Tag Archives: techsoup

Happy 10th Anniversary!

Cyber-cafeJust a quick post to commemorate ten years of blogging here at Techcafeteria. ¬†That’s 268 entries, averaging to 22 posts per year, or damn close to two posts a month, which is not too shabby for a guy with a family and a demanding day job. The most popular stuff all now lives in my Recommended Posts section.

The goal here has never been much more than to share what I hope is useful and insightful knowledge on how nonprofits can make good use of technology, peppered with the occasional political commentary or rant, but I try to restrain myself from posting too many of those. After my recent reformat, I think I’ve made it much easier for visitors to find the content that interests them, so if you’re one of my many RSS subscribers, and you haven’t actually visited the site for some time, you should take a look.

I’m ever thankful to Idealware, NTEN, Techsoup, CommunityIT, and many others in the nptech community for giving me the opportunity to write for their blogs and republish here (about two thirds of the content, I suspect). And I’m happy to be part of this global, giving community.

Here’s to the next ten years!

What’s Up With The TechSoup Global/GuideStar International Merger?

This article was first published on the Idealware Blog in April of 2010.

TechSoup/GuideStar Int'l Logos

TechSoup Global (TSG) mergedwith GuideStar International (GSI) last week. Idealware readers are likely well-familiar with TechSoup, formerly CompuMentor, a nonprofit that supports other nonprofits, most notably through their TechSoup Stock software (and hardware) donation program, but also via countless projects and initiatives over the last 24 years. GuideStar International is an organization based in London that also works to support nonprofits by reporting on their efforts and promoting their missions to potential donors and supporters.

I spoke with Rebecca Masisak and Marnie Webb, two of the three CEOs of TechSoup Global (Daniel Ben-Horin is the founder and third CEO), in hopes of making this merger easier for all of us to understand. What I walked away with was not only context for the merger, but also a greater understanding of TechSoup’s expanded mission.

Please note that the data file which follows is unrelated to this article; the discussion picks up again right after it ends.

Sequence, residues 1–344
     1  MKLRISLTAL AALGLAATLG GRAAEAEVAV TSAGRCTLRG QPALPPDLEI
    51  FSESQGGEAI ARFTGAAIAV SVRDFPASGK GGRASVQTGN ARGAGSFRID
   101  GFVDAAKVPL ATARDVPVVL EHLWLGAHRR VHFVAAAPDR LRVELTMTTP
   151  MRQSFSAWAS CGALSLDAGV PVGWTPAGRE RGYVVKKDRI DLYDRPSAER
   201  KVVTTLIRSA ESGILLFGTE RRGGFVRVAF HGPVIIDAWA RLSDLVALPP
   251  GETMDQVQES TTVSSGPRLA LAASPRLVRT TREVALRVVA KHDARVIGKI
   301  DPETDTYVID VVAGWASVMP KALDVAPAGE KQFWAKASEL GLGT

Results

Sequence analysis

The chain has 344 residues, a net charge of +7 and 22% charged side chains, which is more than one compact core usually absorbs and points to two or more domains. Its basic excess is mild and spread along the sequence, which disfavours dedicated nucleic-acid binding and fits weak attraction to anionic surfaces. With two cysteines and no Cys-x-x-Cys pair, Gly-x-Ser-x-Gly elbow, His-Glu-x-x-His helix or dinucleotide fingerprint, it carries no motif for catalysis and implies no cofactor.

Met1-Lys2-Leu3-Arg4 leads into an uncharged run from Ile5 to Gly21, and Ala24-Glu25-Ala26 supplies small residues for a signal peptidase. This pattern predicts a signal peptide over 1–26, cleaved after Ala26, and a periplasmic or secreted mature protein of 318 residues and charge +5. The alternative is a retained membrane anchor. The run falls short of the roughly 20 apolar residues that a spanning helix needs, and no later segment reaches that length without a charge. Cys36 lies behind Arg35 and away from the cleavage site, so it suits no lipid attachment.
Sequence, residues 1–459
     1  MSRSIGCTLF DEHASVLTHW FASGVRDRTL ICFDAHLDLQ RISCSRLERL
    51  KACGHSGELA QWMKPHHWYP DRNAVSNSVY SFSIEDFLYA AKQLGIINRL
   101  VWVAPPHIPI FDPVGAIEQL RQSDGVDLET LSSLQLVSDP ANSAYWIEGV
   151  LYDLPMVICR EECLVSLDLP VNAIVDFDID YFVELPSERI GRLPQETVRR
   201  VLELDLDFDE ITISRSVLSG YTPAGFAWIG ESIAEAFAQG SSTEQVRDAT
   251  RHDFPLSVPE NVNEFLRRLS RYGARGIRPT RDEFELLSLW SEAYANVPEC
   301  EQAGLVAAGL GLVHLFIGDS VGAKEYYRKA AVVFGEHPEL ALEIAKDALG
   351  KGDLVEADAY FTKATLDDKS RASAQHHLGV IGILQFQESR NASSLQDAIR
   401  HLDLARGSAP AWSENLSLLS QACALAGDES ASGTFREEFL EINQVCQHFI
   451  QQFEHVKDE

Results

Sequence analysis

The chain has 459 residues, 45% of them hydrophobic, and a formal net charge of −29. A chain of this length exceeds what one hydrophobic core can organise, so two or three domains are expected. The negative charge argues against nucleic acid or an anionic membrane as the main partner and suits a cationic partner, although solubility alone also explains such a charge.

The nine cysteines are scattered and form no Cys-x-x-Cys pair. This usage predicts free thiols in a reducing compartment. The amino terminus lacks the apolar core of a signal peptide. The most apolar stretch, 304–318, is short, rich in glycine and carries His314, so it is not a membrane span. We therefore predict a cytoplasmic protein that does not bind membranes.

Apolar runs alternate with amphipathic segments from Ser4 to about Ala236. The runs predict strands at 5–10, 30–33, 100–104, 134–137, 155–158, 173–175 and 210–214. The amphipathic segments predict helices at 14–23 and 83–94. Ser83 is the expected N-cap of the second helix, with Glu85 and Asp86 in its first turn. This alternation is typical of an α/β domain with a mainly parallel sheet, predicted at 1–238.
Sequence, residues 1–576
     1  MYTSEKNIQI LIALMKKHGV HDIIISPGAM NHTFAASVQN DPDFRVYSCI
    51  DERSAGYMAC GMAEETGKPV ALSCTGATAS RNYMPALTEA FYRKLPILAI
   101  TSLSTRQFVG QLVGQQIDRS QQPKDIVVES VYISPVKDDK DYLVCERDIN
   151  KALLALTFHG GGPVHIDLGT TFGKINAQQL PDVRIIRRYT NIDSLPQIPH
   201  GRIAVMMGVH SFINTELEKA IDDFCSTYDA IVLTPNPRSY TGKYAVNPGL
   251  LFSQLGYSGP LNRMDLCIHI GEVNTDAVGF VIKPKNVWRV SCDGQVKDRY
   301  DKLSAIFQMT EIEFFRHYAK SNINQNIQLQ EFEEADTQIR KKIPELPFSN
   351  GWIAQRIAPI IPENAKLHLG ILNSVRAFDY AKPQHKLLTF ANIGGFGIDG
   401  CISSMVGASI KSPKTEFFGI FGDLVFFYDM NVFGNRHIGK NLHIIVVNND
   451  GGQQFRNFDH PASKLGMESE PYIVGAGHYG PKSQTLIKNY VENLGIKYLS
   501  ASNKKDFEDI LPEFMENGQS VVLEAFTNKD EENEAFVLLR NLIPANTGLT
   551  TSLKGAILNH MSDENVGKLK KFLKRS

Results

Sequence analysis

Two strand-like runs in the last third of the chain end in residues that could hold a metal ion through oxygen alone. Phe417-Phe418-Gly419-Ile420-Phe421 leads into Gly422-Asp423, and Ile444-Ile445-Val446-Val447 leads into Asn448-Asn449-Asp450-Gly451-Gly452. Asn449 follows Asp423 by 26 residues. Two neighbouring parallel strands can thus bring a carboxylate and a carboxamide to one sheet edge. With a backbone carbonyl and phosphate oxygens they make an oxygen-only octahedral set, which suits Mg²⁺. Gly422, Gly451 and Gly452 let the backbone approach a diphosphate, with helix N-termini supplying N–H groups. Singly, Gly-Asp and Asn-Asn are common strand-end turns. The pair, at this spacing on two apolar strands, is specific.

Which GuideStar was that?

One of the confusing things about the merger is that, if you digested the news quickly, you might be under the impression that TechSoup is merging with the GuideStar that we in the U. S. are well acquainted with. That isn’t the case. GuideStar International is a completely separate entity from GuideStar US, but with some mutual characteristics:

  • Both organizations were originally founded by Buzz Schmidt, the current President of GuideStar International;
  • They share a name and some agreements as to branding;
  • They both report on the efforts of charitable organizations, commonly referred to as nonprofits (NPOs) in the U.S.; Civil Society Organizations (CSOs) in the U.K.; or Non Governmental Organizations (NGOs) across the world.

Will this merger change the mission of TechSoup?

TechSoup Global’s mission is working toward a time when every nonprofit and NGO on the planet has the technology resources and knowledge they need to operate at their full potential.

GuideStar International seeks to illuminate the work of every civil society organisation (CSO) in the world.

Per Rebecca, TechSoup’s mission has been evolving internally for some time. The recent name change from TechSoup to TechSoup Global is a clear indicator of their ambition to expand their effectiveness beyond the U.S. borders, and efforts like¬†NGOSource, which helps U.S. Foundations identify worthy organizations across the globe to fund, show a broadening of their traditional model of coordinating corporate donors with nonprofits.

Unlikely Alliances